One of the first images the jury saw in the trial was of McBride, lying lifeless on Wafer's front porch.
Wafer pleaded not guilty and his attorney sought to show the shooting was in self defense. According to the defense, Wafer woke that night to loud, intense banging on his front door and side door and feared multiple people were breaking in.
"In the depth of his being, he's never been that scared in his life," defense attorney Cheryl Carpenter said.
She cast doubt on the thoroughness of the crime scene investigation and questioned why officials didn't examine what may have been a footprint on top of an air conditioner in Wafer's backyard.
The prosecution painted a different picture, of a man who "wanted a confrontation" and a vulnerable woman who needed help and wanted to go home, and ended up dead for it. Wafer had other options, they argued, and pulling the trigger was "negligent" and "reckless."
The prosecution wondered why Wafer wouldn't call 911 if he was so scared; Wafer said he had looked for his cell phone when he woke up, but couldn't find it.
Wafer shot McBride through his locked screen door, which was partially removed when police arrived at the crime scene. An expert witness testified he thought it came out when McBride banged on the door, while the prosecution said it happened after Wafer fired.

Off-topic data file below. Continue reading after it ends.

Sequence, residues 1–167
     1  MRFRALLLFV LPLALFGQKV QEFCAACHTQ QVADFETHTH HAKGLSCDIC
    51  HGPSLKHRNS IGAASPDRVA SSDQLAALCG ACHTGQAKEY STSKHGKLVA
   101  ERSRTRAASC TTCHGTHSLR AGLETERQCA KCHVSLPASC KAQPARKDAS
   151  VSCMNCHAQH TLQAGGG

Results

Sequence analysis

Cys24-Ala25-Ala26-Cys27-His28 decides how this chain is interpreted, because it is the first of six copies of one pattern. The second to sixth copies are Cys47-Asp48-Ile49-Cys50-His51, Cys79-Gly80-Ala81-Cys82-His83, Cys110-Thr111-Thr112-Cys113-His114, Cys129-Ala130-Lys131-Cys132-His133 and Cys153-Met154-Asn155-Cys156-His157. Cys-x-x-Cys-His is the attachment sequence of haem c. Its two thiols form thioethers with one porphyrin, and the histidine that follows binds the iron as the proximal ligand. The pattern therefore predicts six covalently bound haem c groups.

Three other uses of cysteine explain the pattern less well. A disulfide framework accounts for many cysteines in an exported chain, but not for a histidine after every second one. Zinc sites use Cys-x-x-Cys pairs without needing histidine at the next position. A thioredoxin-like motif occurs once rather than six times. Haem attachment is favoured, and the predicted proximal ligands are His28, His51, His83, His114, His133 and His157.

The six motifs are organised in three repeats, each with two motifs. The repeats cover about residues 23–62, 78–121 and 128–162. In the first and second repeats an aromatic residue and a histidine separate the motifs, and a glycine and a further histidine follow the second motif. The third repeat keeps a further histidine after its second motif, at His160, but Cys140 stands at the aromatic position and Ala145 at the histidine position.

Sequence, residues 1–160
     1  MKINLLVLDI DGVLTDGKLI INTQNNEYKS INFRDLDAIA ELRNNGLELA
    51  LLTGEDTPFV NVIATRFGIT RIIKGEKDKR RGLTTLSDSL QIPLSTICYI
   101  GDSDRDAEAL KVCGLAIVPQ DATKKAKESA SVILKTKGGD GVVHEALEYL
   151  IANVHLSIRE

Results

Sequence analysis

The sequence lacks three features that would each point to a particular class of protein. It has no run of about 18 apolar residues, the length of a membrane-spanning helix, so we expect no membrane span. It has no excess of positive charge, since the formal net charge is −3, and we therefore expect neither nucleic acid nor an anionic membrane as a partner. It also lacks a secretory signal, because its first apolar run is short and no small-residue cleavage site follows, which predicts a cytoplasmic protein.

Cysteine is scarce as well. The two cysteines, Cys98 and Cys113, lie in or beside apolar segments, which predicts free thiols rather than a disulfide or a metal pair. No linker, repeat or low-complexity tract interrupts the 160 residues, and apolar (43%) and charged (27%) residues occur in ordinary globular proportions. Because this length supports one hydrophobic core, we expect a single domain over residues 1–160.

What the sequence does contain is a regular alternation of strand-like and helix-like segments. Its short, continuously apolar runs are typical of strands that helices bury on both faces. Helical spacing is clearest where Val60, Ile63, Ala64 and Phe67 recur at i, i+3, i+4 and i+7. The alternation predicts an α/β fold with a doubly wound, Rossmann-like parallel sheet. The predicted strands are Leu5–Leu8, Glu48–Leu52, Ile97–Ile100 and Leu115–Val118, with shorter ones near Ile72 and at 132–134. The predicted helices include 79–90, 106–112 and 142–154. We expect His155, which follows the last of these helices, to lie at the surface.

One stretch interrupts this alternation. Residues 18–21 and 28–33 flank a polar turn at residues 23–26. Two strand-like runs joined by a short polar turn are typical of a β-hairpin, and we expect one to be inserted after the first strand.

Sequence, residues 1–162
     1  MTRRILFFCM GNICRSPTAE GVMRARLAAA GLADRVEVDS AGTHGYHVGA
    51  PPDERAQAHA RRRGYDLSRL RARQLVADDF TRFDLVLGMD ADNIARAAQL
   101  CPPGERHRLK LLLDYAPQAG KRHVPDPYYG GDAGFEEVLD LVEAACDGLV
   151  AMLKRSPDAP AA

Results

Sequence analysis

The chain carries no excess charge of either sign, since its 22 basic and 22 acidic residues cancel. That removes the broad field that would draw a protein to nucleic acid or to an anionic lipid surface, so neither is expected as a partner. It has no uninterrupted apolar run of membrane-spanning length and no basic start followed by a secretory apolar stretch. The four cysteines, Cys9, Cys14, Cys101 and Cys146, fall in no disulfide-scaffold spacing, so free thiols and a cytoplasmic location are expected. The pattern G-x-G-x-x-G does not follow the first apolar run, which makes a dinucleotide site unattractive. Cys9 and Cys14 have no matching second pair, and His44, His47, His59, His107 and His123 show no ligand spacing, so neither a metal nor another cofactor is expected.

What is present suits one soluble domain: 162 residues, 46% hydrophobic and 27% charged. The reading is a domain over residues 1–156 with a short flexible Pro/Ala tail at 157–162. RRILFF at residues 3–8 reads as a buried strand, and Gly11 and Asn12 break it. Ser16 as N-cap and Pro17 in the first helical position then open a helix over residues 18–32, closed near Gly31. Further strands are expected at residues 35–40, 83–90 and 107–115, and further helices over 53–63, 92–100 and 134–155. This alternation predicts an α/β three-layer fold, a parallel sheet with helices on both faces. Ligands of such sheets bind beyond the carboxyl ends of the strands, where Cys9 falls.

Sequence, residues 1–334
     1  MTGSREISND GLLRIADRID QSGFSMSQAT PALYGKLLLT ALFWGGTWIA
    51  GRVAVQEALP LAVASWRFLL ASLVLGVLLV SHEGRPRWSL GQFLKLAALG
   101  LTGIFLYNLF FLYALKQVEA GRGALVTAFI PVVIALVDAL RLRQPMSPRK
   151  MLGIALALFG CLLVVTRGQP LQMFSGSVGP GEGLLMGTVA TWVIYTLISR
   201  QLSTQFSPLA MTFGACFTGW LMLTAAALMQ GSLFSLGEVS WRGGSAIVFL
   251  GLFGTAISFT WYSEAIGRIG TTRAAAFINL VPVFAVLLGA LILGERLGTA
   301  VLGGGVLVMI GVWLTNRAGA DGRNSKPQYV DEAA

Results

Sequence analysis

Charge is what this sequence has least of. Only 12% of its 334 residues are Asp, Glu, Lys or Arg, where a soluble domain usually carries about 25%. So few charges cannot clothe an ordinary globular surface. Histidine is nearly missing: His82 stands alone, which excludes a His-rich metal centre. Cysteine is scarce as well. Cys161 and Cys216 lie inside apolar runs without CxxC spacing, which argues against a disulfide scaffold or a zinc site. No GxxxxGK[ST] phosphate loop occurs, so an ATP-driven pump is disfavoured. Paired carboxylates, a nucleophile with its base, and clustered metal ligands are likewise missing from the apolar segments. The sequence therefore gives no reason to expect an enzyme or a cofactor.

He testified during the trial, telling the court he shot McBride to defend himself. When he first spoke to police, he said the shooting was an accident.
"I wasn’t going to cower in my house, I didn’t want to be a victim,” he said during testimony. He also expressed remorse over McBride's death.
Though race was rarely mentioned in the trial, the tragic death of a young, unarmed black woman in need of help has put Theodore Wafer (who is white) under the spotlight in a line of high-profile cases with black victims. Less than two months before McBride died, former Florida A&M University football player Jonathan Ferrell got in a car accident in Charlotte, N.C. and went to a nearby home seeking help. The woman called police, and when they arrived, Officer Randall Kerrick shot Ferrell, who was unarmed, 10 times. Kerrick was indicted in January. Though the cases have many differences, McBride is also often compared to Trayvon Martin, the unarmed Florida teen who was shot to death by a neighborhood watchman in 2012. Shooter George Zimmerman was acquitted last year.
"It’s not about Renisha, it’s about what her actions and other persons’ actions did to make Ted in fear for his life that night,” Carpenter said in her opening statement. “You always need to go back and look at this through Ted’s eyes.”
Wafer faces a maximum sentence of life in prison for the second-degree murder charge. The involuntary manslaughter charge carries a 15-year maximum. There is also a mandatory two-year penalty for being in possession of a firearm while committing a felony. Wafer is scheduled to be sentenced Aug. 21.
“We are obviously very pleased with the jury verdict and feel that justice was served today, Wayne County Prosecutor Kym Worthy said in a statement. "We sincerely hope that this brings some comfort to the family of Renisha McBride.“
source: huffingtonpost.com By Kate Abbey-Lambertz